This is your Toxic Super Ego at play, Charles tells himself. Grannon warned you that the Toxic Super Ego (TSE) would start trying to undermine and ridicule ‘the process’. The TSE doesn’t want to be eclipsed.
You are AT WAR with the TSE. The TSE is a vicious rogue element – a terrorist – which has secretly hijacked your brain. It is bloated beyond all recognition – like a pumped-up mid-seventies Elvis. It is marching around vaingloriously – like a psychological Napoleon in a ridiculous cocked-hat. It has short man syndrome.

But remember – remember! – that you don’t want it to know you are AT WAR with it. Too risky. You want to sneak up on it and catch it unawares. To set a cunning trap. To approach it, with stealth, and then . . .

. . . to POUNCE.

Because . . . shhh!

YOU ARE NOT STRONG ENOUGH TO DECLARE OUTRIGHT WAR ON THE TSE! IT WILL CALMLY AND SYSTEMATICALLY PULVERIZE AND DEGRADE AND HUMILIATE YOU IF IT CATCHES WIND THAT ANYTHING – ANYTHING – UNTOWARD IS UNDERWAY. BECAUSE THAT’S SIMPLY WHO IT IS AND WHAT IT DOES.

IT IS POWERFUL.
IT IS CUNNING.
IT *gasp!* HATES YOU.

Beware!

Oh balls. Oh balls, Charles thinks. If only I could get to grips with the course, watch it from start to finish (YES! The Holy Grail!) instead of just dipping in and dipping out. If only I could muster a sense of . . . of order, of connectedness, of coherence. If only I could marshal my wayward spirit. Then – only then – might I finally be able to come to grips with the malign influence the Toxic Super-Ego is exerting on my every waking thought and feeling and breath and impulse.

Charles feels so . . . so disparate.

Desperate?

No.

Disparate.

 

‘I suppose the important detail here is that he – or she – didn’t actually break in,’ Avigail murmurs, ‘She just tried. She tried but she failed.’
Avigail looks at Charles. Charles is holding a popcorn maker (retailing at £14.95 excl p&p) which is still boxed and which he is trying to give to the prospective purchaser, a ferocious-seeming Chinese woman called Wang Shu who seems to speak no English. Wang Shu is barely through the front door. Wang Shu’s interpreter is her dumpy daughter who has her right arm encased – wrist to elbow – in slightly grimy gauze. The daughter is called Ying Yue.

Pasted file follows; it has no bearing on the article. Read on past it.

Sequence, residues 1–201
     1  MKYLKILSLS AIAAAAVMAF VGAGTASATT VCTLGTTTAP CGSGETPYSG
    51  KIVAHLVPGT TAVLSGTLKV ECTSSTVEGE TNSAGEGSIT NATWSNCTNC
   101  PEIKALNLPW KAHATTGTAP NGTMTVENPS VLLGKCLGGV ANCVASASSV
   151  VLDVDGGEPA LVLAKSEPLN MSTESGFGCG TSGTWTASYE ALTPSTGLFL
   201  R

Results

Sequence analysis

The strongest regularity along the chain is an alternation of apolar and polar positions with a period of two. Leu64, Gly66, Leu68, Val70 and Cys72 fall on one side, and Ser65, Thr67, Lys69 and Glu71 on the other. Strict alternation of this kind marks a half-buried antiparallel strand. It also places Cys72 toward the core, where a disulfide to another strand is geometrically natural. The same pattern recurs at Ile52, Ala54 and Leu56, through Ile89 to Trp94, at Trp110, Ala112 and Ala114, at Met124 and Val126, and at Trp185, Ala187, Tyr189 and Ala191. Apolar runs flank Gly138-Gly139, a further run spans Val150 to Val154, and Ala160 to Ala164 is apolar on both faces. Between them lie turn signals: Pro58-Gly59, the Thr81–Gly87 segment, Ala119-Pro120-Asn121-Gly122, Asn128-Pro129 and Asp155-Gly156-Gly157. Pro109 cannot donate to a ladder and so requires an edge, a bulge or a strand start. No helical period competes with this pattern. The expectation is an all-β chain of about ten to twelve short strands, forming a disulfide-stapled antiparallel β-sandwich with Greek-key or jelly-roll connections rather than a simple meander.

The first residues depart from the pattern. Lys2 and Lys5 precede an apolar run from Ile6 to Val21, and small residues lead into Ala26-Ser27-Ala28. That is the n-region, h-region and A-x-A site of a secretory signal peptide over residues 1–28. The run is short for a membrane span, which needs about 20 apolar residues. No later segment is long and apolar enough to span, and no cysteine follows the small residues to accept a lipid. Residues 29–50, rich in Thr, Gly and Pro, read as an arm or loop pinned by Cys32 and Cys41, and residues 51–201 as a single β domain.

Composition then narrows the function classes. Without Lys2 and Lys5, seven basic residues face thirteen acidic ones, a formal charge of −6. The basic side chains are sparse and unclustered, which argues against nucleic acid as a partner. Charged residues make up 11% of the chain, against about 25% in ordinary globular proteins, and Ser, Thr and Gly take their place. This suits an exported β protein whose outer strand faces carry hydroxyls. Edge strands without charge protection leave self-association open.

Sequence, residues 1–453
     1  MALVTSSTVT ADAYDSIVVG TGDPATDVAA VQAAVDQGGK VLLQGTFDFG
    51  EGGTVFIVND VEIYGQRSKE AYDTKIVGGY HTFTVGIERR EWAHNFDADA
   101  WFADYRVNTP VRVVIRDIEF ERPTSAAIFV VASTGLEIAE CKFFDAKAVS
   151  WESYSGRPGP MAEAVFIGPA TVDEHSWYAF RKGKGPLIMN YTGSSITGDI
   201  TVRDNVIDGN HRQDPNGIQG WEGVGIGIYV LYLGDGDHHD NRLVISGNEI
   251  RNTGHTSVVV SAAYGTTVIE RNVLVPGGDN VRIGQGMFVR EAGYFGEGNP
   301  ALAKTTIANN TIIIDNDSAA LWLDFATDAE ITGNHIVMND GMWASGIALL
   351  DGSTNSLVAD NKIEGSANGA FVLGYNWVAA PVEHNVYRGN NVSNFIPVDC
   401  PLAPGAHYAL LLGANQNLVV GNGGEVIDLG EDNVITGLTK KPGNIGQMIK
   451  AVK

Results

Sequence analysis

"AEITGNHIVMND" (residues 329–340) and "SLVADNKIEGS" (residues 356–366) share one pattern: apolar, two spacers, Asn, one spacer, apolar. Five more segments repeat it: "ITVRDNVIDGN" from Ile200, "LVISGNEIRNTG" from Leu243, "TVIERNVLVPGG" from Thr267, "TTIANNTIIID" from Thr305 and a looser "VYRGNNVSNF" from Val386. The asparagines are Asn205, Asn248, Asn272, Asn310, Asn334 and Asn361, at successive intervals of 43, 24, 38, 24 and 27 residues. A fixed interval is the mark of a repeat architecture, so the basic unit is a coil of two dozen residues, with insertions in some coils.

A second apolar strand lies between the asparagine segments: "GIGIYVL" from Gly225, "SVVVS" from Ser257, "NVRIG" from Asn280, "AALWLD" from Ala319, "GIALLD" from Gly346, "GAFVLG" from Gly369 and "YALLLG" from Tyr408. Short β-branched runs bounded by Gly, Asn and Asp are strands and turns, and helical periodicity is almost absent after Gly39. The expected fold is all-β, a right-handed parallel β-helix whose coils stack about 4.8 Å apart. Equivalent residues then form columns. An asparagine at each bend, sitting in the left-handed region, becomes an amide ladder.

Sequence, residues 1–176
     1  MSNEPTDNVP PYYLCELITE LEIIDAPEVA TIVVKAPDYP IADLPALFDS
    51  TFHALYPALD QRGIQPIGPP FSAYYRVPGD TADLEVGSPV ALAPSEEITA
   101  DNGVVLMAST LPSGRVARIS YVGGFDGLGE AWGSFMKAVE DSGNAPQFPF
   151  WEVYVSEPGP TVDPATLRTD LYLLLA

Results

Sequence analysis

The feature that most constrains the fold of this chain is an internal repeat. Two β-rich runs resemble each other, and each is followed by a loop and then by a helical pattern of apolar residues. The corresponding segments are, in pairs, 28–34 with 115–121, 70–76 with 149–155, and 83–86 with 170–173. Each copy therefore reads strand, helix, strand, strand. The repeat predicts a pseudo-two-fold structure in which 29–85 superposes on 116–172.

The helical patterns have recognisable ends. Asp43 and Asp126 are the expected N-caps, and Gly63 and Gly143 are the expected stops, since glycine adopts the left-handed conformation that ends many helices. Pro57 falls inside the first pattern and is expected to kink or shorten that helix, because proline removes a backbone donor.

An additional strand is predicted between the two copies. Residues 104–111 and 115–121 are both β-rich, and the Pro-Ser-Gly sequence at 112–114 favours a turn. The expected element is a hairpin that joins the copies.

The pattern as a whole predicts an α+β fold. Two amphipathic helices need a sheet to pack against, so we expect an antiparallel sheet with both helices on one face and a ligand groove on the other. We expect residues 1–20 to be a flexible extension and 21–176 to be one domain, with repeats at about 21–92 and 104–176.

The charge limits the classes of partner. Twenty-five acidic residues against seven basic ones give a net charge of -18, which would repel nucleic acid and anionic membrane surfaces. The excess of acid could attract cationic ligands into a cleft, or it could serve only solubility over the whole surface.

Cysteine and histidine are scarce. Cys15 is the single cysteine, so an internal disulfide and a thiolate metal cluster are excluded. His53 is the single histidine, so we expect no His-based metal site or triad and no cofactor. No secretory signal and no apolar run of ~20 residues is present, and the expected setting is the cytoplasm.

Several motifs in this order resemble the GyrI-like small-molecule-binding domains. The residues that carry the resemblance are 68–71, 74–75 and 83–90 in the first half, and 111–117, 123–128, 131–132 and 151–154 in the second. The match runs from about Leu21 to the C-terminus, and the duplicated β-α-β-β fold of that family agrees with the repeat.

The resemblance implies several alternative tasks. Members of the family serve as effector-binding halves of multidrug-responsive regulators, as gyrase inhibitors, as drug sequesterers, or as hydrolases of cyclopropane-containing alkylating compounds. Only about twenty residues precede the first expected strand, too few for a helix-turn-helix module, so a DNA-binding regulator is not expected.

Ying Yue has emphatically assured Avigail (on Wang Shu’s behalf – and insofar as Ying Yue can be emphatic, which isn’t very far) that Wang Shu will not be put off by the sheer amount of stuff clogging up Charles’s small property, because the property number just happens to be 8, which is highly propitious in Chinese culture.
Charles lives in the centre of Llandudno in a curious house which has no real, independent character and seems more like the back end of a giant office space (a dark corner for designated parking, drains and growling air conditioning filters) or possibly even the unkempt kitchens of a large but seedy hotel. There is no front. It is all rear. Small windows. It’s on a grimy side-street close to the sea front. There is no garden. There is hardly any pavement. He inherited the property from his mother. His mother (Branimira) had worked for thirty years as a veterinary nurse in Conwy – after arriving in Wales from her native Bulgaria in 1964 – even though she was always allergic to both hair and fur. Hair and fur.

(In fact hair and fur aren’t actually, qualitatively different, they’re just alternate words for the same keratin-based substance. It’s the proteins – Can f 1 and Fel d 1 – which are released in the dog’s saliva and the cat’s saliva/skin which provoke allergic responses).

Charles’s mother was not a home-body or a consumerist. Charles’s mother was made of sterner stuff. Charles’s mother lived at a high altitude – a lofty attitude. Charles’s mother lived a life of the spirit.

Charles’s mother LOVED TO GIVE.

Without inhibition.

But not to Charles. No. No. No. Not to Charles.

Mainly to the helpless, the dispossessed, and animals (including insects and birds).

Then to Charles.
All the left-overs. The scraps. The hard rind. The soggy remnants.

 

 

 

This is an extract from I Am Sovereign by Nicola Barker.

Feature photograph © John Lodder

Two Poems
Interview with Constantia Soteriou